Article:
At the heart of the crisis of homelessness is the social polarization which has taken place. From the late 1970s to the late 1990s the top 20 percent income group saw its income rise by 21 percent, while the lowest fifth in terms of income saw a real drop of 33 percent.

The obvious relationship between poverty and homelessness is also reflected in the figures for the racial breakdown of the homeless. Here the legacy of racism, continuing discrimination, housing segregation and poverty all come together to devastate black and Hispanic families. These sections of the working class are not simply disproportionately affected by homelessness; the homeless are overwhelmingly African-American and Hispanic.

In the 1988-92 period, for example, 60.9 percent of the children who passed through the homeless shelters were black, and another 31.4 percent were Hispanic, for a total of 92.3 percent for these sections of the population.

From 1988-92, nearly 8 percent of the black population experienced homelessness, compared to less than 0.5 percent for whites. For the population as a whole the average was 3.3 percent (a similar rate to the study cited above for the nine-year period from 1987 to 1995, which found 4.6 percent experiencing homelessness at some point during these years).

The single biggest factor in the racial disparity is poverty. The income for African-American as well as for Hispanic families is one-third lower than the average income for white families. The racial minorities are far more heavily working class in social composition, and far more likely to be poor—17.3 percent of the poor experienced homelessness during the 1988-92 period.

After documenting these conditions, the Coalition for the Homeless report ends with proposals for action. It calls for a federal and city commitment, including an annual capital spending target of $750 million, to close the affordable housing gap of more than 400,000 units. Among the reforms and measures it calls for are the reversal of the decline in the welfare housing allowance, substantial increases in Section 8 vouchers, the repeal of provisions of the 1997 rent regulation legislation which have allowed rents to soar, and supportive housing for the homeless mentally ill.

These are minimally necessary measures, and they are very modest. Even the $750 million capital spending goal would do little to arrest the trend of rising rents which affects millions. It is safe to assume that close to half of the population would still be spending 40, if not 50 percent, on the cost of housing.

The report is an attempt to publicize what growing numbers of people realize is a scandalous fact of life in New York City in the twenty-first century. Millions can see that there is something fraudulent about the claims of prosperity and plenty in New York, alongside the reality of substandard or high-rent housing and homelessness.

Despite the creditable work of the Coalition of the Homeless in exposing these conditions, it fails to show how they can actually be changed. The Coalition seeks to pressure the ruling elite and its political parties. Implicit in its proposals is an appeal to the conscience of big business and Wall Street. It suggests that the most we can hope for is to bring New York in line with the rest of the country, where the housing situation is sometimes difficult but not such a complete disaster.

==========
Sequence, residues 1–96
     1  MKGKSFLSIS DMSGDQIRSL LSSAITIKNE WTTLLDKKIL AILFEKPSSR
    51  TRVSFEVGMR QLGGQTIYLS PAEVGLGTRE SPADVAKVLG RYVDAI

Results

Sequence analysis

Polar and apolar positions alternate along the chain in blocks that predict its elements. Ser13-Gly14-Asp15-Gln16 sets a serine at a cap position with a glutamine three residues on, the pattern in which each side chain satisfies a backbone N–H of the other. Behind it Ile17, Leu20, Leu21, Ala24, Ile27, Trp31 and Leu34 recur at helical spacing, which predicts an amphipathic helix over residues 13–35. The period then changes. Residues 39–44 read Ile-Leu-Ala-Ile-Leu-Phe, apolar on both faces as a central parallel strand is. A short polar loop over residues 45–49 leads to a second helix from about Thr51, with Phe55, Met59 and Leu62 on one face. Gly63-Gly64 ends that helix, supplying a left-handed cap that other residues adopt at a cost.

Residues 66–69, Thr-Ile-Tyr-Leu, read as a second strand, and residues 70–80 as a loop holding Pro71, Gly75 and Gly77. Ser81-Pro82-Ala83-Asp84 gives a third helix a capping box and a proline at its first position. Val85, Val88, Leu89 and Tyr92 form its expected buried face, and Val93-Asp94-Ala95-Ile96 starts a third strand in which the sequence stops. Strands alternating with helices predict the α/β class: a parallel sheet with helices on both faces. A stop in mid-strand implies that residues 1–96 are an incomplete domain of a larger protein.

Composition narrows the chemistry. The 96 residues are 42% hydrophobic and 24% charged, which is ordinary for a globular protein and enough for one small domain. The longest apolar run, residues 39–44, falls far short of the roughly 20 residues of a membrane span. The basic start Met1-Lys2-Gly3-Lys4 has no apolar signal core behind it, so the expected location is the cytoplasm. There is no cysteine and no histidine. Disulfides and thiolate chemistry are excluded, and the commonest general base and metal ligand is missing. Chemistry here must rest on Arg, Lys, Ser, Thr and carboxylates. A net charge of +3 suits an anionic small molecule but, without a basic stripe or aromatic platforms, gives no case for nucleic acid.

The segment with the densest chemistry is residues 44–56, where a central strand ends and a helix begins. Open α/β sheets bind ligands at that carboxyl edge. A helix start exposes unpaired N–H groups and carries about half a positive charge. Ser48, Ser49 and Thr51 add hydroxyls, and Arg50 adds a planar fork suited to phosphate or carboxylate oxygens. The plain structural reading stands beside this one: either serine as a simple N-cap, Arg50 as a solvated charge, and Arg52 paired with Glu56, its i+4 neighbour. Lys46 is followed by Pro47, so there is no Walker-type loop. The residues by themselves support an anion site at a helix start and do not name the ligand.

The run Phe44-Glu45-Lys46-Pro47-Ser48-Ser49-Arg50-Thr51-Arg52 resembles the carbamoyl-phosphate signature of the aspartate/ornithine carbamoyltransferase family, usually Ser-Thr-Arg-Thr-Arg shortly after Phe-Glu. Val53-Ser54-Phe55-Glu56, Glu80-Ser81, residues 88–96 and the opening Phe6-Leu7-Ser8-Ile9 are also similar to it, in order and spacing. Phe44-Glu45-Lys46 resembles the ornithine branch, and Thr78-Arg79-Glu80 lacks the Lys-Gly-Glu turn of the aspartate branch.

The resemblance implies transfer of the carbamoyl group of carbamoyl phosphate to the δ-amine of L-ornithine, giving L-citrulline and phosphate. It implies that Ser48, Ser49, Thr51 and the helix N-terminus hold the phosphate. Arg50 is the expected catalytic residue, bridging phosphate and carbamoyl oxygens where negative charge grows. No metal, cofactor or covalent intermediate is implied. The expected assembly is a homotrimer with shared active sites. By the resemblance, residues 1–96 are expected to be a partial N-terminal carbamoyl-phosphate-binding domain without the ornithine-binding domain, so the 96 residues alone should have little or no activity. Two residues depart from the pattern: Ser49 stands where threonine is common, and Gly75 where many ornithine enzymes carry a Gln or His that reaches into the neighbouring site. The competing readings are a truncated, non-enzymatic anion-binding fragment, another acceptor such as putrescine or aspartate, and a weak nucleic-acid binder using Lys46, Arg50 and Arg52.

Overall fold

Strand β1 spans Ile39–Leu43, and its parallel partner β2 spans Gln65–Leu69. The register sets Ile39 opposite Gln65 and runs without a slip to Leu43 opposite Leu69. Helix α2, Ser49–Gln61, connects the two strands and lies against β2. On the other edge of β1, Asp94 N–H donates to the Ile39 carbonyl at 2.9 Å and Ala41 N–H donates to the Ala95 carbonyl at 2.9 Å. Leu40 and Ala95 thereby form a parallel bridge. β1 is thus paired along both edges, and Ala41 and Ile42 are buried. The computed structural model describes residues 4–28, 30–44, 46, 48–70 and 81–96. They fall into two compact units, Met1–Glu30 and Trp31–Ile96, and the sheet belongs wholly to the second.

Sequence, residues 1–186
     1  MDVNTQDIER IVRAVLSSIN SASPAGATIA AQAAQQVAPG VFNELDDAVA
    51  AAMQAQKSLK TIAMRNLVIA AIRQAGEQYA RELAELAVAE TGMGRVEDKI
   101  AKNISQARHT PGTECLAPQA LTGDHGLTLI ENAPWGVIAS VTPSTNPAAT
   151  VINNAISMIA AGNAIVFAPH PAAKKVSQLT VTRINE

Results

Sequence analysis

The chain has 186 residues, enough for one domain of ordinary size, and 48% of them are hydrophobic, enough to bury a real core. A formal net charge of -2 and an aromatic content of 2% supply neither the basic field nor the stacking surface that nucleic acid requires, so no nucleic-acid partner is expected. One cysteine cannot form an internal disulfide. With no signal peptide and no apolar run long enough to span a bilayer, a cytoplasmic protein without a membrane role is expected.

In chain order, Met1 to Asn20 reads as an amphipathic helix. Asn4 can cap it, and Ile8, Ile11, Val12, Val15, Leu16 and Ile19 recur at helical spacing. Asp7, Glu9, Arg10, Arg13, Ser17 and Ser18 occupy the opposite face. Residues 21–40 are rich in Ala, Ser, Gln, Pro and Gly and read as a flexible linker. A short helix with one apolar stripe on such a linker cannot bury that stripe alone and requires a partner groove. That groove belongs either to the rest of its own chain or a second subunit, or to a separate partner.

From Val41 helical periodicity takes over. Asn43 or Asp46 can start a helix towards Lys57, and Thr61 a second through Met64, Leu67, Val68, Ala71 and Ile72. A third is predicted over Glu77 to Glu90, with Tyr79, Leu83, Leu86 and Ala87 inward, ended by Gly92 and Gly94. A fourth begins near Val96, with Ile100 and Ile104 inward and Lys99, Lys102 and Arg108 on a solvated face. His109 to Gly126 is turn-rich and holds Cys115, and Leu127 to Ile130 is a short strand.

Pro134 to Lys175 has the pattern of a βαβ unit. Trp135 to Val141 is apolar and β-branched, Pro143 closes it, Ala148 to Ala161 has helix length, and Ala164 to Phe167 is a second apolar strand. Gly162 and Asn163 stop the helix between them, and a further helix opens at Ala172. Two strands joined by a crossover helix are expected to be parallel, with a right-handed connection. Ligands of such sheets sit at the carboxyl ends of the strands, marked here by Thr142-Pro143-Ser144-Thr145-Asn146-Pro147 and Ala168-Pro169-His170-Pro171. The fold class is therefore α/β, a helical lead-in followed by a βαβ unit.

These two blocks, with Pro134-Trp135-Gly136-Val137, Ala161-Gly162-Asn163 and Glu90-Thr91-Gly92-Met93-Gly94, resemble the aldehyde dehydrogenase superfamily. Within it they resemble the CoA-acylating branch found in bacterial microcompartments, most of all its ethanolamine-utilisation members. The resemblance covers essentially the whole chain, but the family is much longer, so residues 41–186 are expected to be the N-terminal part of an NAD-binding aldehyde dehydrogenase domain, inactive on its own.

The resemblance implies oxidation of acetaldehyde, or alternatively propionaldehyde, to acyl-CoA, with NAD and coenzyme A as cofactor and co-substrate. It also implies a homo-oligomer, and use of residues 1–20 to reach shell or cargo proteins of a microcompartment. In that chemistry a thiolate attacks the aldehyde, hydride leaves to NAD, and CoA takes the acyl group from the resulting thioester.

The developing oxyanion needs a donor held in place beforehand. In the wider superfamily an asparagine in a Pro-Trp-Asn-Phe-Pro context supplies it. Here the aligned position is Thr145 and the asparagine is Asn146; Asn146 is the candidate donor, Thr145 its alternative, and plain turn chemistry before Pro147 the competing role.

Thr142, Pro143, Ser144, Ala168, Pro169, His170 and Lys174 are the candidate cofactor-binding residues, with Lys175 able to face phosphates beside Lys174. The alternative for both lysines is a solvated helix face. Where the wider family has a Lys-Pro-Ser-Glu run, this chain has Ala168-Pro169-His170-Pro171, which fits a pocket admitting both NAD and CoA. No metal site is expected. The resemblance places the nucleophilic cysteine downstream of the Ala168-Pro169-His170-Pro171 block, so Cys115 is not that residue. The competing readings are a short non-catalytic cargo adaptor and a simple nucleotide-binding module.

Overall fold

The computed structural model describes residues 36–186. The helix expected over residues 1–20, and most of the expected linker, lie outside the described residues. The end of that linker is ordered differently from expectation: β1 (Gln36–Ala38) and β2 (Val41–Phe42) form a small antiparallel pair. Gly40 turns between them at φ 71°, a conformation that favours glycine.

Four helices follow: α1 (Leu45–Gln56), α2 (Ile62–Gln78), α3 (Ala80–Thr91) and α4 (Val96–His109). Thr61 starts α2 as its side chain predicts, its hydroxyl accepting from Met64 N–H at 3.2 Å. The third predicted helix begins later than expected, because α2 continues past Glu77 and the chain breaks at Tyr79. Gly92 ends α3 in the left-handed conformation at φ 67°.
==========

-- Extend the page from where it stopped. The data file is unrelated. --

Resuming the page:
The big business media use this to try to approach the housing crisis as some kind of anomaly, a peculiar problem in an otherwise flourishing city, a problem perhaps caused by the fact that people have become so rich so fast. A recent article in the New York Times proclaimed, along these lines, “More than ever, it seems, this thriving city is a great place to live—if only you could live here.”

New York is not unique, although the problem of homelessness is more severe in this city than elsewhere. The rapid pace of the polarization and the city's attraction for the upper middle class has led to millions being pushed out of the housing market. Similar problems, however, are evident elsewhere. Just as homelessness itself is part of a continuum related to growing poverty, so across the country New York City is part of a continuum, the most extreme example of the growing social polarization and its consequences, and not a “special case.”

As another recent report documented, the median worker in the US (earning more than half of the workforce and less than the other half) earned significantly less in 1998 than 25 years earlier. For the male worker in the 25-34 age group, the earnings were 13 percent less. For the worker in the 35-44 age group, the drop was 9 percent. By comparison, during the 1950s and 60s real earnings rose between 50 and 100 percent!

An image of wealth is projected by upscale shopping, pervasive advertising, continuous media portrayal of the top 10 percent of the population and its lifestyle. In addition, there are consumer goods available at very affordable prices—items such as VCRs, microwave ovens, Walkmans and portable CD players, personal computers. Tens of millions of workers participate in this “consumer revolution,” often by piling up thousands of dollars in debt. At the same time, however, and most significantly, the most important daily needs of working class families—housing, education, medical care and public transit—have all risen sharply in cost while individual earnings have fallen and family income has stagnated.

The housing crisis in New York City is one of the most extreme expressions of this trend of declining living standards that has taken place in the last 25 years. This cannot be reversed by appealing to the conscience of the ruling elite, or by harking back to a period of social reform which the ruling class has discarded.

There is no section of big business which favors the reforms called for by the Coalition for the Homeless, and the current presidential campaign is the best proof of that. And in the preparations for the mayoral election in New York in 2001, to choose a successor to Rudolph Giuliani, none of the Democratic liberals are speaking of these issues or presenting a program to deal with them.

No family should have to pay more than 25 percent of its income for shelter. Millions of new apartments must be built to meet existing and future needs. But this will not be possible without finding the constituency which will politically fight for decent and affordable housing, for housing as a basic right. The working class must be unified, based on the understanding that homelessness is an attack on every section of working people, and that all workers have been targeted by the policies which have created homelessness for a small but significant minority.

Any struggle for decent housing must immediately raise a challenge to the system that is geared to profits and not to human needs. It will raise the need for a socialist program, and a democratically controlled and planned economy based on public ownership.